Scientists have discovered a new autoimmune disease that is specifically triggered by testicular cancer. Utilizing a newly developed diagnostic tool, the research revealed how the cancer can cause the immune system to target the brain, bringing on severe neurodegenerative disease.
Neurological diseases are usually tracked by applying a bio-specimen sample from a patient to a tiny slice of brain tissue from a mouse. The pattern of staining subsequently seen under a microscope, caused by antibodies binding to the brain tissue, can be used to determine certain autoimmune diseases.
For about 20 years scientists have identified a specific staining pattern that was only associated with testicular cancer patients who were also suffering symptoms of ataxia, a neurodegenerative condition. However, it was unclear exactly what antibody was causing this specific staining pattern.
A new study appears to have finally solved this long-standing mystery. Using a newly developed form of programmable phage display technology scientists are now able to screen patient samples, tracking 700,000 different antibody targets against all known human proteins.
Analyzing cerebrospinal fluid from a patient with both testicular cancer and unexplained neurological symptoms, the new screening method detected autoantibodies that target a protein called KLHL11. This protein is specifically found in both the testes and some parts of the brain.
It is suspected that the immune system is primed to target this protein once a testicular tumor appears, and then the immune system antibodies follow that protein target up into the brain, subsequently resulting in severe neurological damage. This newly defined autoimmune disease testicular is called cancer-associated paraneoplastic encephalitis.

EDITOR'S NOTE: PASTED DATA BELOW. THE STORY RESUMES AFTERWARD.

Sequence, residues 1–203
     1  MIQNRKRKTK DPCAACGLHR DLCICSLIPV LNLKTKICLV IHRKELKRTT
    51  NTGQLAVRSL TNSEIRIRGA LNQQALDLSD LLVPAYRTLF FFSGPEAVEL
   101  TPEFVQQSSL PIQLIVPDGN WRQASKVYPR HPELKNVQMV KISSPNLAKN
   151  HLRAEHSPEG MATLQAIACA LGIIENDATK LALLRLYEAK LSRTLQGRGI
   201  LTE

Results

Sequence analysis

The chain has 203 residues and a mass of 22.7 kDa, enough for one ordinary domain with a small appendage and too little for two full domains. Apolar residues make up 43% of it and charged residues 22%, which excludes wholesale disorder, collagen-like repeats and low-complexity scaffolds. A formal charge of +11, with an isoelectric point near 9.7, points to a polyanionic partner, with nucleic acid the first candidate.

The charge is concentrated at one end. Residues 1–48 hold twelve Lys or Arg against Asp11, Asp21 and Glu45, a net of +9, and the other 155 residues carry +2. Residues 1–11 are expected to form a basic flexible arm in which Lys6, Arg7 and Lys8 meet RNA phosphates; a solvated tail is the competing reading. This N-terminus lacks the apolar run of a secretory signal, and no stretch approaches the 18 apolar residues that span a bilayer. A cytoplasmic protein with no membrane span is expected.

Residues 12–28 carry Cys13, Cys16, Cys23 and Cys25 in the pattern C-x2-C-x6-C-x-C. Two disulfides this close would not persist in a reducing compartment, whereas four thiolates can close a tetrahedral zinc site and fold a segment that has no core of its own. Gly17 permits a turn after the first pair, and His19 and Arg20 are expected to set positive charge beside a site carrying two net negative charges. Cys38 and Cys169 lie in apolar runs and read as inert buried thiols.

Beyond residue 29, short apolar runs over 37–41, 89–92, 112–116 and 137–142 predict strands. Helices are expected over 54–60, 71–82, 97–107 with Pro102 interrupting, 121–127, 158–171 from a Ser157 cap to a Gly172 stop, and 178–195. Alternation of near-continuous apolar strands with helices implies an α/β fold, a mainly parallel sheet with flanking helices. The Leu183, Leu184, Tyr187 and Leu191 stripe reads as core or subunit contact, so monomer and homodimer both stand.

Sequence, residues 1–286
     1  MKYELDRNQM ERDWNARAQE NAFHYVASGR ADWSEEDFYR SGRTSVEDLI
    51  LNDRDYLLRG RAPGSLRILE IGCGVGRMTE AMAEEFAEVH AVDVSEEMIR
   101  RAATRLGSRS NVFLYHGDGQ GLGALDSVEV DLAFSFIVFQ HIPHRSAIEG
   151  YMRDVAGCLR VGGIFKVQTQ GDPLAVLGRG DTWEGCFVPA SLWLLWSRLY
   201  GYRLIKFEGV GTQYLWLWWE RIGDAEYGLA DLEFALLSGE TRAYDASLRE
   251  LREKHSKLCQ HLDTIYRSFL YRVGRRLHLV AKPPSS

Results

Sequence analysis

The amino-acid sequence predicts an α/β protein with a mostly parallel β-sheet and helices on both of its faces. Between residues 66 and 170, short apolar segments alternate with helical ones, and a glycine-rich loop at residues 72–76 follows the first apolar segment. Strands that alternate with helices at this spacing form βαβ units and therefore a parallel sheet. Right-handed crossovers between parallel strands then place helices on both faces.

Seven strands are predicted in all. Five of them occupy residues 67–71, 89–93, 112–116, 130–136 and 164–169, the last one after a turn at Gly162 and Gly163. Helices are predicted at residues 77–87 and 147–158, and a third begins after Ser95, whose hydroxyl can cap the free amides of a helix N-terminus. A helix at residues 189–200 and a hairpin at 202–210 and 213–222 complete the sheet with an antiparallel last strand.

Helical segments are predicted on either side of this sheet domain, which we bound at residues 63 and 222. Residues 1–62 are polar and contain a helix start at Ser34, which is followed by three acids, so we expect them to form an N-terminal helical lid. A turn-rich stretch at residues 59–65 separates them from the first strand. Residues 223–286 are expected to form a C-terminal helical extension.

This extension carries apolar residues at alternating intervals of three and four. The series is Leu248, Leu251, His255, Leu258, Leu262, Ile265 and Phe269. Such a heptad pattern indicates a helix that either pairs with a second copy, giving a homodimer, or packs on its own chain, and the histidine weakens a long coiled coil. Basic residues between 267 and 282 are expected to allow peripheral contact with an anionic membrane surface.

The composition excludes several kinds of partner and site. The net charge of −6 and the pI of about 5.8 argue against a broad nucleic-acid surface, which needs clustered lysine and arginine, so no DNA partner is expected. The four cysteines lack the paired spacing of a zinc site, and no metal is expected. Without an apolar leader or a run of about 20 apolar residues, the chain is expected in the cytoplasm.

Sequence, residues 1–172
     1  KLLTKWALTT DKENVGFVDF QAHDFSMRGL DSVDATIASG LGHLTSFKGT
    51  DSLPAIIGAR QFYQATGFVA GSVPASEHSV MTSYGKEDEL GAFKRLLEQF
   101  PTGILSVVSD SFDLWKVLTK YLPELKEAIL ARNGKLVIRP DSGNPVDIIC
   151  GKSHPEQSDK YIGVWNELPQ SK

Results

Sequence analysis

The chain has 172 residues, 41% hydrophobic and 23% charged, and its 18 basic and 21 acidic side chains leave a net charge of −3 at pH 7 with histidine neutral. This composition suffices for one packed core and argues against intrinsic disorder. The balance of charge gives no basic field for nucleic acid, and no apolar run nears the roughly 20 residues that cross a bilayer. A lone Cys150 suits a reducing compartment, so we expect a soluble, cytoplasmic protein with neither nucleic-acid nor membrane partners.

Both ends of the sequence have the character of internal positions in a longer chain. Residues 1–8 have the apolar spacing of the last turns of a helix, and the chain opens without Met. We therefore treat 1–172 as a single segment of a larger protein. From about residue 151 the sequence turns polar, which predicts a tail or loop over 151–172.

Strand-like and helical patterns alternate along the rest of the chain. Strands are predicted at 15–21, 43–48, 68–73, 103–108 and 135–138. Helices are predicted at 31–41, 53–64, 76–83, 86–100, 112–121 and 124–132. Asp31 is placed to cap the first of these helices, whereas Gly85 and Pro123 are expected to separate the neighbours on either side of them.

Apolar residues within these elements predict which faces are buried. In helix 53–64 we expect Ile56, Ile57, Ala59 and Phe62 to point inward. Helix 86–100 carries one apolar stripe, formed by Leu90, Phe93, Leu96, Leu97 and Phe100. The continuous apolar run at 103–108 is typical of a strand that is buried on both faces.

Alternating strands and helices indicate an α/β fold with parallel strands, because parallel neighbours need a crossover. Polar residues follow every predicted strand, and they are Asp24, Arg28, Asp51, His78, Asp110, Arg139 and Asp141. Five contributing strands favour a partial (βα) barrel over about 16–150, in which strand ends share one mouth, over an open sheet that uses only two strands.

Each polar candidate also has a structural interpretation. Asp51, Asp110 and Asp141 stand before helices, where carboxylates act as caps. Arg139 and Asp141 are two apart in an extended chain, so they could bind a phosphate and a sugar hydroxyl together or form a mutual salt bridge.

A paraneoplastic disease is a condition triggered by a cancer somewhere in the body. Joe DeResi, a biochemist working on the new research, believes this new screening technology will help uncover a number of currently unidentified autoimmune conditions.
"This study is the tip of the iceberg," says DeRisi. "We know there are more paraneoplastic autoimmune diseases waiting to be discovered and more people to help."
So far, the researchers have verified the presence of these KLHL11 antibodies in 37 men with both testicular cancer and unexplained neurological symptoms. It is hoped this research can, in the short term, lead to a new specific diagnostic test for this particular biomarker, helping detect those testicular cancer patients with this condition before too much neurological damage is done.
"Early diagnosis is extremely important," suggests Divyanshu Dubey, co-first author on the new research. "If we diagnose patients early, we can start them on immunosuppressive medications. The sooner we can prevent this damage from happening, the sooner we can stop the disease progression and the better chance we have for clinical improvement in the patient's life."
The new study is slated to be published in The New England Journal of Medicine.
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